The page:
Instead, journalists Chris Harris and Richard Meaden took a fine U2TC victory in the Lotus Cortina of Grant Tromans as their rivals faltered; the Alex Furiani Alfa Romeo with axle dramas and the Richard Shaw/Jackie Oliver BMW with a failing gearbox.
Of course, the old guard of historic racers took their share of glory. Leo Voyazides saw off a spirited challenge from Mike Gardiner to win twice as Ford Falcons dominated the Masters Pre-66 Touring Car race that marked 50 years of the Mustang. Voyazides then partnered Simon Hadfield to another FIA Masters Historic Sports Car win in his Lola T70 Mk3B.
Young Sam Wilson was top dog in Formula Junior as David Methley twice spun away his challenge, while James Dodd (Honda Accord) and former WTCC champion Rob Huff (Ford Mondeo) shared the Super Touring glory at the head of an impressive 42-car grid.
An absorbing Pre-63 GT race fell to ultra-experienced Jackie Oliver and Gary Pearson (Ferrari 250GT), but only after a wonderful duel with the Jaguar E-type of brothers Jeremy and James Cottingham. The result was only settled when the E-type lost time with a trip through the gravel from the oily track.
Finally, though terribly over-shadowed by the Denis Welch tragedy, the four HGPCA races delivered double victories for Jason Minshaw (Brabham BT4) and Philip Walker (Lotus 16). Paul Lawrence
The ultimate lap of honour
More than 80 Grand Prix cars gathered for an affectionate tribute at Silverstone
Three weeks after Silverstone staged its 50th Grand Prix, the largest collection of Grand Prix cars ever assembled took to the track as Sir Stirling Moss headed a parade of 84 cars during the Classic.
Fittingly, Moss led the parade at the wheel of a Maserati 250F and ran alongside David Brabham driving his late father Jack’s BT24. Moss, now 84, was thrilled to be back behind the wheel of a 250F as he won twice during the 1956 season in the classic front-engined design.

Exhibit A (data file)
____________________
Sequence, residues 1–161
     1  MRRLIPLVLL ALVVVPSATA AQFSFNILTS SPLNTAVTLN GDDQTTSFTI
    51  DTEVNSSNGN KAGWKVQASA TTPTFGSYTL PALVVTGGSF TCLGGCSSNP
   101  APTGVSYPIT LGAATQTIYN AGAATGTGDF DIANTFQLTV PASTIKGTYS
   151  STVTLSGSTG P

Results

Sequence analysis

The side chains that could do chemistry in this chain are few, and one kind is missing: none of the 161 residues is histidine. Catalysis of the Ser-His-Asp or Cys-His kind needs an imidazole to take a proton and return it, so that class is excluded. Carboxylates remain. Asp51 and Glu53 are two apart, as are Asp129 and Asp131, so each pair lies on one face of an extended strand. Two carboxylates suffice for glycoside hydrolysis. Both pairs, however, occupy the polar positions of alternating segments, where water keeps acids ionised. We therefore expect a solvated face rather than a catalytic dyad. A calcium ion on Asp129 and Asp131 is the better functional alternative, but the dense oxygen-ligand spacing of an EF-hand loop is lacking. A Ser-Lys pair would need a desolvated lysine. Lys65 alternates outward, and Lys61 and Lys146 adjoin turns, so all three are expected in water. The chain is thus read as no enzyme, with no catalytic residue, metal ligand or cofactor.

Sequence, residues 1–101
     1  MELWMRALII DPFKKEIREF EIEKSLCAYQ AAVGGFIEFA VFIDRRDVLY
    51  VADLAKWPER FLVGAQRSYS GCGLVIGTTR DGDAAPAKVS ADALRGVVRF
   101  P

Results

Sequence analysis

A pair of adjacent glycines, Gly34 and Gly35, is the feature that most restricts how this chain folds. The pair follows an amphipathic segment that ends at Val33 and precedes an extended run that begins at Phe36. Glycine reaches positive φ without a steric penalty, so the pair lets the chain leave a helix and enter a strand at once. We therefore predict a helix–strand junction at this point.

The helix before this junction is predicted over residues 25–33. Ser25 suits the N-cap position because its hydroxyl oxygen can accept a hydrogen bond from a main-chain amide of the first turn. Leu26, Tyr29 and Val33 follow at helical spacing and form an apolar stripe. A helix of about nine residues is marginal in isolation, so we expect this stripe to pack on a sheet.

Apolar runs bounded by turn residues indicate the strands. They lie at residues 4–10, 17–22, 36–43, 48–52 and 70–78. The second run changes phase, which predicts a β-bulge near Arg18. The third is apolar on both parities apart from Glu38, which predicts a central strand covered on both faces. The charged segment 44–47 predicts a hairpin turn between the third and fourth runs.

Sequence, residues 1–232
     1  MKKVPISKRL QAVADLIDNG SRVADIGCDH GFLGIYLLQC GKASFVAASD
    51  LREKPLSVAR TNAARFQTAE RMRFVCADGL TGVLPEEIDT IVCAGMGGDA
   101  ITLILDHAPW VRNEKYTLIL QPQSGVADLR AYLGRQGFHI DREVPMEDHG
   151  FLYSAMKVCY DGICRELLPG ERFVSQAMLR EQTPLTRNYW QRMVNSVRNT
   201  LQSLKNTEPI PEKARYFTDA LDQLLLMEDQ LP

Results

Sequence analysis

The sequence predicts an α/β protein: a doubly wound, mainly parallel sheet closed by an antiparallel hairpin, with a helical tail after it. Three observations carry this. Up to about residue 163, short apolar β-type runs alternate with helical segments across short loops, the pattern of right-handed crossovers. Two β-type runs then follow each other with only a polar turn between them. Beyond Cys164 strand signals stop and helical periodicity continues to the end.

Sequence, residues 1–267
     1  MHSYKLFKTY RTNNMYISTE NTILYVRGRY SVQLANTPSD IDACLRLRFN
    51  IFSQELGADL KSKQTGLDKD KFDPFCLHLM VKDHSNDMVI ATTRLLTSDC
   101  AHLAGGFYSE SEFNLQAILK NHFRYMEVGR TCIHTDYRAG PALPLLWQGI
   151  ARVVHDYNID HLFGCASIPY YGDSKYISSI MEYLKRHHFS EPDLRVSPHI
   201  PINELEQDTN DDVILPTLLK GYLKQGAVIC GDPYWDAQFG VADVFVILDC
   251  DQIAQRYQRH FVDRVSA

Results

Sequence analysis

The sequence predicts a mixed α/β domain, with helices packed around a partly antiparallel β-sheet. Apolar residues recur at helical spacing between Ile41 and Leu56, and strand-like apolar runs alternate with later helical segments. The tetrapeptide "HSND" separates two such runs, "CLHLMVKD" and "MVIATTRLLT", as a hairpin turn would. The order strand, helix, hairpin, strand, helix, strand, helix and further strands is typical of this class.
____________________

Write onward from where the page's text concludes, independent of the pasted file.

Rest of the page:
Further back in the long convoy of motor racing history was the Talbot Lago T26C entered in the first Silverstone Grand Prix for Lord Selsdon, while inaugural BTCC champion Jack Sears was reunited with the Cooper he raced more than 50 years ago. Alfieri Maserati, son of founding Maserati brother Ernesto, joined Moss on the track in another 250F as the Italian marque celebrated its centenary year.
The Grand Prix story was told by machinery ranging from pre-second World War ERAs and Bugattis through to DFV-powered cars of the 1970s and 1980s. Meanwhile, more than 90 Grand Prix cars raced during the weekend as fabulous fields assembled for FIA Masters Historic Formula 1 and HGPCA Pre-61 and Pre-66 races.
“To be driving a car like this is just magic and reminds me just how fabulous the Maserati was,” Moss said. “I guess it shows just how good it was if you can win a race like Monaco in one. I still have pretty vivid memories of the first Grand Prix here at Silverstone, which was back in 1948 when I was driving a 500cc Formula 3 in the support race.”
David Brabham said: “To be alongside Sir Stirling Moss was really amazing. The crowds really appreciated the parade, and having Stirling up front in the Maserati 250F was very cool.”